Intel CEO Paul Otellini reportedly told employees in Taiwan that Windows 8 still needs improvements despite its rapidly approaching release date.
Otellini’s comments were reported by Bloomberg, which drew from an anonymous source who attended the private meeting. Intel declined to offer an official comment on the matter.
This isn’t the first time an Intel executive has said something controversial about Windows 8. In May 2011, Renee James, senior vice president and general manager of Intel’s Software and Services Group, told the audience at an Intel company investor meeting that ARM-based versions of Windows 8—subsequently Windows RT—wouldn’t run programs designed for older versions of Windows.
Microsoft pushed back hard against James’ comments, telling tech-media venues such as The Register that the comments were “factually inaccurate and unfortunately misleading.”
However, it’s something of a different matter when the comments come from Intel’s CEO coming roughly a month before Windows 8 reaches store shelves. The operating system, which replaces the “traditional” desktop interface of previous Windows editions with a Start screen composed of colorful tiles linked to applications, is designed to operate equally well on both tablets and PCs. At least in theory, that’ll allow Microsoft to maintain its dominance of the PC operating system market while making inroads into tablets, where Apple’s iPad and a variety of devices running Google’s Android operating system remain the dominant forces.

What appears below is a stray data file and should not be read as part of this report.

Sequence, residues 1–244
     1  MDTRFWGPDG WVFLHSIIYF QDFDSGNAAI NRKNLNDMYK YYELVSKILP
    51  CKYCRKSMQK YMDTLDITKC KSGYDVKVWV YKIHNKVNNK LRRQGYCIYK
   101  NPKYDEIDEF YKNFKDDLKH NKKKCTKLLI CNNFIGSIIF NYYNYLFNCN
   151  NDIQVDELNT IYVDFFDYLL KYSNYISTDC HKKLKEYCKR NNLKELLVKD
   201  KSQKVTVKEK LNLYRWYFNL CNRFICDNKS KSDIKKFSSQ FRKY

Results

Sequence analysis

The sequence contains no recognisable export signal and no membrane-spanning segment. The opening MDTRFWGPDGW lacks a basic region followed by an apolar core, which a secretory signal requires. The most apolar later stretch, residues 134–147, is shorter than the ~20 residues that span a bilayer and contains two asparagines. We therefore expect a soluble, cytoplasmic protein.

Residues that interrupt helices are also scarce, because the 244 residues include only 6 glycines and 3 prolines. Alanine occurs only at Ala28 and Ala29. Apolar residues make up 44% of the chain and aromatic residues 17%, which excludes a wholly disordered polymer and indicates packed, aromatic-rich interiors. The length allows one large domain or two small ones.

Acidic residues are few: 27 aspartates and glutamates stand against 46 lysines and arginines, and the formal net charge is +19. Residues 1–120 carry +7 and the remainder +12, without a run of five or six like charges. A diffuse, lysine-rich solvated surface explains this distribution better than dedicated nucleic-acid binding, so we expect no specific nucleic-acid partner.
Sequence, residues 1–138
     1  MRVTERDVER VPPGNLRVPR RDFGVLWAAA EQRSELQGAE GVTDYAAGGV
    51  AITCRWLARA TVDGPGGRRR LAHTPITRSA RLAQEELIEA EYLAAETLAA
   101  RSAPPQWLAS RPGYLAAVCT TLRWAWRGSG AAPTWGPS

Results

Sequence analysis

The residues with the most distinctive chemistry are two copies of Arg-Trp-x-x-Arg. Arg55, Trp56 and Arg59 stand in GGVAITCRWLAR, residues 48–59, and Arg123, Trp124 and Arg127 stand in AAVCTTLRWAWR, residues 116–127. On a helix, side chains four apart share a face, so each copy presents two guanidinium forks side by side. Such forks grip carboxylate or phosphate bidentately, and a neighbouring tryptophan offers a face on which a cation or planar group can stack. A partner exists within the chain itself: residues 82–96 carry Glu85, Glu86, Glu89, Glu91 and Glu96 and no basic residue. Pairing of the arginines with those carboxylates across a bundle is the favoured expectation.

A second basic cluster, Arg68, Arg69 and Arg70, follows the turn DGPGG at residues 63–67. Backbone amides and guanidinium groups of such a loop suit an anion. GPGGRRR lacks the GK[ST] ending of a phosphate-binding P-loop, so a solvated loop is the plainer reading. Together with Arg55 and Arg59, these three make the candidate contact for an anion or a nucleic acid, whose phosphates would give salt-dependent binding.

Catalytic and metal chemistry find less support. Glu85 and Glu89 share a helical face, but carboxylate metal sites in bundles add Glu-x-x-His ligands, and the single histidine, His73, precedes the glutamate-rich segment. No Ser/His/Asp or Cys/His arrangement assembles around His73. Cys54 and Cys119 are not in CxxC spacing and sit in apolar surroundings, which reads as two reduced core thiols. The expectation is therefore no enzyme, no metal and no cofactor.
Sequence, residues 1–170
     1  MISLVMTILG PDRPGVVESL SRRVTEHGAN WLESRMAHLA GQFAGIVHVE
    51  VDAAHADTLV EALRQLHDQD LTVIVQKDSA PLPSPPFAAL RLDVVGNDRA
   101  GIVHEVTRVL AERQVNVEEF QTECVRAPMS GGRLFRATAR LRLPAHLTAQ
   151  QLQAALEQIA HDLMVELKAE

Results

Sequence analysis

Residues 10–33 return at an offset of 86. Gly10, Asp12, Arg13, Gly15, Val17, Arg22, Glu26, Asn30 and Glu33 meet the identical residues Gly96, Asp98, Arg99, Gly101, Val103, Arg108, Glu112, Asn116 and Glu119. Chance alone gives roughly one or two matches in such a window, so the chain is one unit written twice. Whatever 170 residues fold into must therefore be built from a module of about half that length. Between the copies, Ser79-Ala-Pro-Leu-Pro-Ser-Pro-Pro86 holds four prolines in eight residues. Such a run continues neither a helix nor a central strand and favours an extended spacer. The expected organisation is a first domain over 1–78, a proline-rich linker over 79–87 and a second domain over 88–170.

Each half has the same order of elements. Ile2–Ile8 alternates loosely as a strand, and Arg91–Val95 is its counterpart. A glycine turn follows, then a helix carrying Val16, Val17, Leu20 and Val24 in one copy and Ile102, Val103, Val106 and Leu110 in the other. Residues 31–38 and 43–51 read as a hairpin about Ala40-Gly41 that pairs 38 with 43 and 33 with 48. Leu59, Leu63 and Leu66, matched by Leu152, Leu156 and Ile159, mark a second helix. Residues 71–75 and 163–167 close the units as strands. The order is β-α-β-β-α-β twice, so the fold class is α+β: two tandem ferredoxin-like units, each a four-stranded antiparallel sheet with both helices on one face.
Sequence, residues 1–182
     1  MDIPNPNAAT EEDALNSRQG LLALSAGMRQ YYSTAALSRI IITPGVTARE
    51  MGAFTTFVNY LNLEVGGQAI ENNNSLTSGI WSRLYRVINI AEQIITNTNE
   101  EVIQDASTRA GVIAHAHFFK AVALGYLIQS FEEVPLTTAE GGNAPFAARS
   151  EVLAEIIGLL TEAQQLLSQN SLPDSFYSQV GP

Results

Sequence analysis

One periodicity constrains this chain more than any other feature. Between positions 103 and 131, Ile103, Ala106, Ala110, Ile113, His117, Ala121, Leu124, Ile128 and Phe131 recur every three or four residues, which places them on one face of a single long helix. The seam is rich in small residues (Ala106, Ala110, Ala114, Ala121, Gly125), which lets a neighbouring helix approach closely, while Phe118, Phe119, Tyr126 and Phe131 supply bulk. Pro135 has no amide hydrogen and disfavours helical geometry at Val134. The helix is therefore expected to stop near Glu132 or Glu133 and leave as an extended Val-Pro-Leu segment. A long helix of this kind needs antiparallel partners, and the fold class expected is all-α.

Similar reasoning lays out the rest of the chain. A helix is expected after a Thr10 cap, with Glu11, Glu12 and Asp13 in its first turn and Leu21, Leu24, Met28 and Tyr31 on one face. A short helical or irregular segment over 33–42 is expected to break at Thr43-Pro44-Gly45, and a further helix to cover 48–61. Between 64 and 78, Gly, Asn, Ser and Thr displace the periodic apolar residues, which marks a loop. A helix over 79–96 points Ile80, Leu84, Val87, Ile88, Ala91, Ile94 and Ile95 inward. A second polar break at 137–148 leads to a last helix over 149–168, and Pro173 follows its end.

In order to accomplish that goal, though, Microsoft must convince longtime Windows users that the new interface is one that suits their needs (for the truly old-school, a modified desktop interface is available via a click or tap on one of the Start screen tiles). It must also persuade businesses to eventually adopt the new operating system, even though many recently upgraded to Windows 7 and seem to like it just fine. And it must present third-party developers with the best possible reasons for building apps and cloud services for the new interface.
That’d be a monumental task for any company, even one with a perfect operating system on offer. Compounding the challenge is Microsoft’s Surface tablet, which the company built in-house as its flagship Windows 8 device, but could end up alienating those manufacturing partners anxious to sell their own touch-screens.
In light of all that, it will be interesting to see if—and how—Microsoft pushes back against Otellini’s reported comments.